Aaron Swartz, dies at 26 By John Sc...

Aaron Swartz, dies at 26 By John Schwartz

Posted in the Weird Forum

LiberalsAreDouch eBags

Eugene, OR

#2 Jan 12, 2013
And thief of millions of MIT scientific documents.
Online folk hero

San Diego, CA

#3 Jan 13, 2013
Online 'folk hero' pushed to make many Web files free and open to public
Aaron Swartz, a wizardly programmer who as a teenager helped develop code that delivered ever-changing Web content to users and who later became a steadfast crusader to make that information freely available, was found dead on Friday in his New York apartment..
An uncle, Michael Wolf, said that Mr. Swartz, 26, had apparently hanged himself, and that a friend of Mr. Swartz’s had discovered the body.
At 14, Mr. Swartz helped create RSS, the nearly ubiquitous tool that allows users to subscribe to online information. He later became an Internet folk hero, pushing to make many Web files free and open to the public. But in July 2011, he was indicted on federal charges of gaining illegal access to JSTOR, a subscription-only service for distributing scientific and literary journals, and downloading 4.8 million articles and documents, nearly the entire library.
Charges in the case, including wire fraud and computer fraud, were pending at the time of Mr. Swartz’s death, carrying potential penalties of up to 35 years in prison and $1 million in fines.
In an effort to provide free public access to JSTOR, he broke into computer networks at M.I.T. by means that included gaining entry to a utility closet on campus and leaving a laptop that signed into the university network under a false account, federal officials said.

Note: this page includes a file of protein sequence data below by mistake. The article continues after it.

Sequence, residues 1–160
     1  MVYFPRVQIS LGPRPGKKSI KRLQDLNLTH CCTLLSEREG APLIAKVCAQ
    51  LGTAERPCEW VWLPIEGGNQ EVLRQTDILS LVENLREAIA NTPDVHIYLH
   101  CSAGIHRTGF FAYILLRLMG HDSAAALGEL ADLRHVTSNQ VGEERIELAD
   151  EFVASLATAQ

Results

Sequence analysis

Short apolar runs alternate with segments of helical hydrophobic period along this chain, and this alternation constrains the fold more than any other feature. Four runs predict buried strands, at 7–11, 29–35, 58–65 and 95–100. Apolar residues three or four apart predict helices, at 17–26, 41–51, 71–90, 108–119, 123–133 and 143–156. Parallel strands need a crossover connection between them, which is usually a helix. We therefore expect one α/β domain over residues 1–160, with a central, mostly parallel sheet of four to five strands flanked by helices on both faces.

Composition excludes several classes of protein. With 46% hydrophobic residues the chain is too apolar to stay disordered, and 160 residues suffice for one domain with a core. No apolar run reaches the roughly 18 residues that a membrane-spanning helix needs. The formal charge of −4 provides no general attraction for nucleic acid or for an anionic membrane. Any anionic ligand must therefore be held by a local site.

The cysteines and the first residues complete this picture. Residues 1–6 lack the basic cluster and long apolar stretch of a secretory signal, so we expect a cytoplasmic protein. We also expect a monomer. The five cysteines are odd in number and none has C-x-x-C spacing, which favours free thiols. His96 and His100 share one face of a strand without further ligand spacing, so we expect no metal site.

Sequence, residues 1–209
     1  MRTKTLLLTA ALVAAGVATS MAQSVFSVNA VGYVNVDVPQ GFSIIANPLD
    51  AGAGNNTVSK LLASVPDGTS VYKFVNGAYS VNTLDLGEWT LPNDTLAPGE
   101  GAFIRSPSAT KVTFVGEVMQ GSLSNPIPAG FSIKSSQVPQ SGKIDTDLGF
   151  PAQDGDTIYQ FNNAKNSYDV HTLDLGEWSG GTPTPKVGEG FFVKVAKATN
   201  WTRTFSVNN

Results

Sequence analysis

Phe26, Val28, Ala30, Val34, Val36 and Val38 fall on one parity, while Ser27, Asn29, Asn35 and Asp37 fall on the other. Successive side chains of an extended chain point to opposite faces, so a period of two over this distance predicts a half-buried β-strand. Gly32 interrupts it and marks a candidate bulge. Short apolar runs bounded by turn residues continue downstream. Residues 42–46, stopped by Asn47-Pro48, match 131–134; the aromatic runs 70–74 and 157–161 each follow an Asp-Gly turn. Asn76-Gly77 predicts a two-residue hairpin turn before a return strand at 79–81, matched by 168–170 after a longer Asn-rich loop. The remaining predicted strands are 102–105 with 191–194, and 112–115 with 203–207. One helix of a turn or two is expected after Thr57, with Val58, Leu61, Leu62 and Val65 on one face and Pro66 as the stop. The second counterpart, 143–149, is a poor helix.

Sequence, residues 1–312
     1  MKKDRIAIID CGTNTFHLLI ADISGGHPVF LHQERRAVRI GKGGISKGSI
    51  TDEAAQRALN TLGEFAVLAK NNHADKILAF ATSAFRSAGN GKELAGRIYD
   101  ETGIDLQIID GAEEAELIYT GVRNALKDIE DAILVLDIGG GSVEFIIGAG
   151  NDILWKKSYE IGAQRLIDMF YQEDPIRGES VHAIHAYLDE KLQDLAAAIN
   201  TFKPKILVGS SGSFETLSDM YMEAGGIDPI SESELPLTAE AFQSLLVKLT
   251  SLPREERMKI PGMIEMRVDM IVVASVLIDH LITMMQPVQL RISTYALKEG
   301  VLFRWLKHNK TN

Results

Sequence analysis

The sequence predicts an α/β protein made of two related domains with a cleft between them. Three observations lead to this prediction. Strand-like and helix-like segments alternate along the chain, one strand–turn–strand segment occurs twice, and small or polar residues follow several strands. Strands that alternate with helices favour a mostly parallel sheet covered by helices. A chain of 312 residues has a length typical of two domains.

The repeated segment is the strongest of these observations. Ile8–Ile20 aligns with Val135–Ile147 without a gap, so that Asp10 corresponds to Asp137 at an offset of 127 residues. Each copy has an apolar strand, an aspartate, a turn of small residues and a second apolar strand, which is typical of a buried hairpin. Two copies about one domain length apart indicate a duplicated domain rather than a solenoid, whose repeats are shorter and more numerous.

Mr. Swartz turned over his hard drives with 4.8 million documents, and JSTOR declined to pursue the case. But Carmen M. Ortiz, a United States attorney, pressed on
Mr. Malamud said that while he did not approve of Mr. Swartz’s actions at M.I.T.,“access to knowledge and access to justice have become all about access to money, and Aaron tried to change that. That should never have been considered a criminal activity.”
This article has been revised to reflect the following correction by The New York Times:
An earlier version of this article incorrectly identified the police who arrested Mr. Swartz, and when they did so. The police were from Cambridge, Mass., not the Massachusetts Institute of Technology campus force, and the arrest occurred two years before Mr. Swartz’s suicide, but not two years to the day.
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“you're not the boss of me!”

Since: Jan 08

the road less traveled.....

#4 Jan 13, 2013
this one really saddened me...he was a bright kid, socially awkward like many computer nerds. A terrible loss.


Level 8

Since: Jul 08


#5 Jan 13, 2013
Of course the conspiracy nuts are saying that he was killed on the Presidents orders.

Montclair, NJ

#6 Jan 14, 2013
Someone I admire once said,,,,,,,,,,


,,,,,,,always felt those were some of the wisest words I'd read.

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